Have to agree with Eddie, it's the builders design and execution, not the weight. I'll have to weigh my ukes some day.

Since much depends on an instrument's frequencies, seems mass and stiffness can compensate for each other. However, reducing the damping ratio (more resonance) is function of damping and mass, not stiffness. So in theory, more mass should increase resonance, if damping and frequency are constant.

johnson430
10-11-2016, 03:17 AM
Here's a thread from a little while back, it contains some interesting posts; http://forum.ukuleleunderground.com/showthread.php?94851-Want-to-make-your-cheap-uke-sustain-longer&highlight=fatfinger+sustain+enhancer

Thanks for sharing this link, Campbell. It was a very interesting read.

stevejfc
10-11-2016, 03:40 AM
It's all about the BUILD!

DownUpDave
10-11-2016, 04:29 AM
I like a "FAT" tone

kohanmike
10-11-2016, 05:17 AM
I can only comment on the ukes I own, and my lighter weight acoustic ukes have more resonance, projection and sustain then my heavier ukes. I also recently bought a Godin Multiuke chambered solid body and I'm impressed how much sounds it puts out unplugged.

Ukejenny
10-11-2016, 04:56 PM
Some would say that KPK's are "bricks" but each time I hear it, I don't care. Sounds like it cost many, many times more than I paid for it.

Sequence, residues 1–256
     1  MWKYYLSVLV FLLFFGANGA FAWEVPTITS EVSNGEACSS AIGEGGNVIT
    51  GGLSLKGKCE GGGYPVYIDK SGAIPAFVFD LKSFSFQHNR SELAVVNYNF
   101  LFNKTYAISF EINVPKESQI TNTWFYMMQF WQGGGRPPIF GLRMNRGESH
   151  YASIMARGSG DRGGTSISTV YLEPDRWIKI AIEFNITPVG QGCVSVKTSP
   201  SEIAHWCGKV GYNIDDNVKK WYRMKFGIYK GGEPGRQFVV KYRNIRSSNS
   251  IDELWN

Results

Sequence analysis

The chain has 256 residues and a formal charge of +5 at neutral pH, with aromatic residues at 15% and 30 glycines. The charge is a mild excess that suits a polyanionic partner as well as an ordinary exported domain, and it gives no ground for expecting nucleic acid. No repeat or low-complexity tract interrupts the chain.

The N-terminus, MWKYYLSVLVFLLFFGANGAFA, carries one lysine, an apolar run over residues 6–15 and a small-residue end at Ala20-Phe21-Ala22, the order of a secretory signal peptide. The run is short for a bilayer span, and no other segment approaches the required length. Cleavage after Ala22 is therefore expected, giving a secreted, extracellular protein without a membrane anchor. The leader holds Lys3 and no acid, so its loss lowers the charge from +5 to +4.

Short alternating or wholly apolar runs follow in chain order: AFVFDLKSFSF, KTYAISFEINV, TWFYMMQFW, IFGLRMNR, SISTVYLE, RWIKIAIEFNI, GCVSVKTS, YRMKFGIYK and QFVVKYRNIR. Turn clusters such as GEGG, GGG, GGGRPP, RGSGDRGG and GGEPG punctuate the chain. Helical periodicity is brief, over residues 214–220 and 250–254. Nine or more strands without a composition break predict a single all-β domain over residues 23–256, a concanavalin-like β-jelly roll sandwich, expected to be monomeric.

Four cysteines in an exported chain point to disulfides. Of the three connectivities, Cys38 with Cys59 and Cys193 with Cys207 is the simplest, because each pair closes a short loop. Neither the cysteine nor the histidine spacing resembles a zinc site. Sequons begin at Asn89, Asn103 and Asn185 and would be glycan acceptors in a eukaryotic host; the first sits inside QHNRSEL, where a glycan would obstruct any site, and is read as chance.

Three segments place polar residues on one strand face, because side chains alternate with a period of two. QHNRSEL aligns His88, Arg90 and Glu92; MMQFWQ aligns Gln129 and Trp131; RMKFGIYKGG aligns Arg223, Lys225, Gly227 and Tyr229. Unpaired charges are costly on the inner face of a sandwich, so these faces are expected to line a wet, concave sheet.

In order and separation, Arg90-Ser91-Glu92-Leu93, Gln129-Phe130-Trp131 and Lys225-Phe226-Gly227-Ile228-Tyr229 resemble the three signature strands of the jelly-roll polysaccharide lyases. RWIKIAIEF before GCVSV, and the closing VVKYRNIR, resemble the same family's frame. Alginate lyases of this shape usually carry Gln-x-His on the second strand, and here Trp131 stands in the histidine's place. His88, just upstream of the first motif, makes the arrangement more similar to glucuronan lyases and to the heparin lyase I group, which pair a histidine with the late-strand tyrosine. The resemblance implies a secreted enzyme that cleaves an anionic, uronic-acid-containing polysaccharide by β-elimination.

The tenor KPK I started on sounds fabulous, and feels/looks fabulous. My husband plays it now.

mm stan
10-11-2016, 10:26 PM
I do believe in high end ukes, weight may enhance the richness, punch substain.
Lighter ukes like lighter strings have a thinner tone.

ukulelekarcsi
10-11-2016, 11:45 PM
No, as a rule of thumb I still stick by 'the lighter, the better'. Step into a music shop, weigh those new ukes and compare their volume and sustain, and there certainly will be a significant correlation. Even with variation in tonewoods, strings, and builds.

Of course there are exceptions. The relationship weight-sound quality will not be absolute. Flea are very resonant, but rather heavy; there's more mentioned above. But those exceptions don't mean that it doens't works as a rule of thumb. I rate Brükos higher than Koki'os, which are higher than Makalas, which are better than Mahalos, which are better than Cliftons - and on a kitchen scale, that corresponds.